It is well with my soul… reasons to love Good Friday

Once again it’s the time of year when our thoughts are drawn to the cross, to the pain endured there, to the freedom achieved there. But, if I’m completely honest, Good Friday hasn’t always felt like good news…

I first decided to follow Jesus when I was fifteen, and somehow in those early years I picked up the idea that Good Friday was all about feeling bad and guilty.  This was a special day in the church calendar when we all took a good long time to think about how awful we were, about how much our beautiful saviour went through for us, and about how responsible we were for that terrible pain and suffering.

I don’t remember anyone teaching me that this was ‘Guilt Friday’, but that’s what I learned. This was the day to look at the cross really hard, and then to feel really, really bad.

and I did.

But a beautiful revolution happened about 15 years later…

Late one lent evening, as I sat in a prayer-space looking at a wooden cross draped with red silk,  I had one of those moments where something you’ve known in your head for a long time finally makes it into your heart. God showed me the cross as if it were an enormous power shower towering above me. I suddenly realised that as I knelt beneath the flow of Jesus blood, as it poured out over my hands, my head, my heart, it didn’t stain me with responsibility, it didn’t make me guilty – it made me clean.

So I realised that on Good Friday I couldn’t come to the cross and feel bad about myself, or about how much Jesus suffered for me. Not because I’m not a sinner, or that Jesus didn’t suffer, but because some much bigger, more glorious things were filling up my head and heart so much that there wasn’t room for anything else.

As I said to a friend at the time:

“I know I should be feeling bad, but I just can’t help myself, when I look at the cross, all I can feel is clean

Awesomely, gloriously clean.

And when I remember what Jesus was prepared to go through in order to heal my relationship to the Father, what he chose to endure so that you and I could be made clean and whole and entirely free from guilt and shame, I don’t feel bad (all that clean-ness gets in the way), but I do feel very, very grateful, and very LOVED.

Really really loved.

The words of this hymn, It is well with my soul by H. G. Spafford, explains the feeling that wells up inside me better than I can:

My sin – oh the bliss of this glorious thought! –

My sin, not in part, but the whole,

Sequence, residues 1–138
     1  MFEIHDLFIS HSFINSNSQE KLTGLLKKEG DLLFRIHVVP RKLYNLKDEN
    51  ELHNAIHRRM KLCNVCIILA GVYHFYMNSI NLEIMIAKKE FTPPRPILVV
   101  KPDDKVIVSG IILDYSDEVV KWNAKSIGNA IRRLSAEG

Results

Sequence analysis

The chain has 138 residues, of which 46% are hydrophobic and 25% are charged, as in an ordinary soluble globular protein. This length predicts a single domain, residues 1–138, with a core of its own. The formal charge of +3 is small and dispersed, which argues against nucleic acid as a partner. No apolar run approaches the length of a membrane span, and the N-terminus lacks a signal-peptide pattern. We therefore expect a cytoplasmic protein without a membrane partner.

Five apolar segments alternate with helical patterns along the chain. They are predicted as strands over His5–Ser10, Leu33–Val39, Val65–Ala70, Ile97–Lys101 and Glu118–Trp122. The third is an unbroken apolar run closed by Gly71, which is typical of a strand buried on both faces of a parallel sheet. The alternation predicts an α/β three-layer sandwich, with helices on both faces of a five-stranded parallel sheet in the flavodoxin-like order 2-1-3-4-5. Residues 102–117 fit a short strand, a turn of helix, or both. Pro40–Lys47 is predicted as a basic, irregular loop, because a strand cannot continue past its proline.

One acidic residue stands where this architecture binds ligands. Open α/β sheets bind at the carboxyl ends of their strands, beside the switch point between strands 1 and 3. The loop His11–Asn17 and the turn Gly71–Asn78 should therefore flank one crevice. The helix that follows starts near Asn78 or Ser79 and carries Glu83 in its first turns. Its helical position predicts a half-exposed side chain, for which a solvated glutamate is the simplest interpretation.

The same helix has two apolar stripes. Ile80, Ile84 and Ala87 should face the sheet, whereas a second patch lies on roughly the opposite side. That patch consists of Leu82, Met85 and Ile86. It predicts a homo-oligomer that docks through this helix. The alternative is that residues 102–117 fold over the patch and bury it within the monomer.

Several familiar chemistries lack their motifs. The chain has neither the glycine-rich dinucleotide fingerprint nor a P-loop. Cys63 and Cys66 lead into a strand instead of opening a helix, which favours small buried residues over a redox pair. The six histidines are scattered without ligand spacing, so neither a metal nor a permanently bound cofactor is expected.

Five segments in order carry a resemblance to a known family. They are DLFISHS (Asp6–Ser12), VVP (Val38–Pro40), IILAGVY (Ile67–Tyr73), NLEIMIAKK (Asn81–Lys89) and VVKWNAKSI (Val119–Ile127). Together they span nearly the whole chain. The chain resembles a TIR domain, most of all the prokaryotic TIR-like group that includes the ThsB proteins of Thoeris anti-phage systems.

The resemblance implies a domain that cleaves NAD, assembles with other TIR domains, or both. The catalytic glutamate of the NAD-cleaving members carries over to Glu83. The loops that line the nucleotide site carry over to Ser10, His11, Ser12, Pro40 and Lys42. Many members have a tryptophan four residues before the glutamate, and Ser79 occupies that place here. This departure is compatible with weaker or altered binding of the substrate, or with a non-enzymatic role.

is nailed to the cross, and I bear it no more,

praise the Lord, praise the Lord, O my soul!

With that in your head it just won’t be possible to look at the cross and feel bad.

So this Easter, as you’re celebrating the extraordinary victory of the cross and resurrection, take another look at the cross and see if you can see this power shower.  If you feel even the smallest part dirty, or guilty, or unworthy or ashamed – step in.  The cross can wash you clean.

.power shower

Ready?

Are you ready?  This is an ancient trumpet used in Bible times to communicate urgent messages to the people. A blast on this was a call to attention, an urgent warning, a sign that something was about to happen.

I found a lot of references to trumpets in the Bible today.  From the trumpet sound that announced the arrival of the Lord in Exodus to the seven trumpets of Revelation. All of them saying:

Stop, look, listen, pay attention.  Whatever it is you were waiting for is happening now!

There’s something quite scary about the idea of an unexpected trumpet call announcing something big and imminent. Like an air-raid siren or smoke alarm going off, you have to react immediately, follow a plan you already made, be ready.

Reading Nehemiah especially it strikes me how much his fellow builders were ready.  With one hand they were building up the wall, and in the other hand they held a weapon.  They knew that the moment the trumpet sounded they needed to gather together and defend themselves.  To switch instantly from building to battle. No time even to swap one implement for the other.  They hadn’t stopped doing what they were called to do- but they were ready.

For Nehemiah’s men the trumpet was a warning – a message that you need to start fighting, right now.  In the other verse that caught my attention today the trumpet sound heralds good news- the best news- that Jesus is about to return:

Listen, I will tell you a mystery! We will not all die, but we will all be changed, in a moment, in the twinkling of an eye, at the last trumpet. For the trumpet will sound, and the dead will be raised imperishable, and we will be changed.
1 Corinthians 15:52

In either case, the blast of the trumpet is not saying ‘now’s the time to get ready’.  I suspect that if you wait to get ready until you hear the trumpet, it might already be too late.

I have no idea when that final trumpet call is going to sound, and no interest in predicting when it might.  But I know I want to be ready. And I know that until then we’re not supposed to stop and do nothing and just watch… That’s the job of the guy with the trumpet.  Our job is to be ready and to get on with the task we’ve been given at the same time.  And maybe to know what we’re going to do when the trumpet sounds.

But I wonder as well if there might be moments when God blows a trumpet in our individual lives or the lives of our church communities.  Each one saying ‘pay attention- the time is now’. Sometimes a warning, sometimes a herald, but every time vitally important that we hear and respond.

Are we ready to drop everything and listen up; to discern whether it’s time to enter into a new battle, or whether God is about to arrive in our lives in a new way?

 

 

 

free to dance

Today I’m altering costumes.  It’s big show night tonight for my daughter and her outfit is too big.  If you want to dance in something, it needs to fit really well. There’s no time to get the right size, so I’m making a few adjustments.

I’m also wearing clothes that don’t fit properly.  I lost a little bit of weight recently. Not much, just enough in fact to make my jeans fall down if I try to run anywhere.  I really need to find the time to get a new pair of jeans that actually fit me. But until then I’m just getting by with the old ones and making sure I hold onto them if I need a turn of speed.

This theme of badly fitting clothes in my life at the moment reminds me of this verse from Ephesians 4: 22-24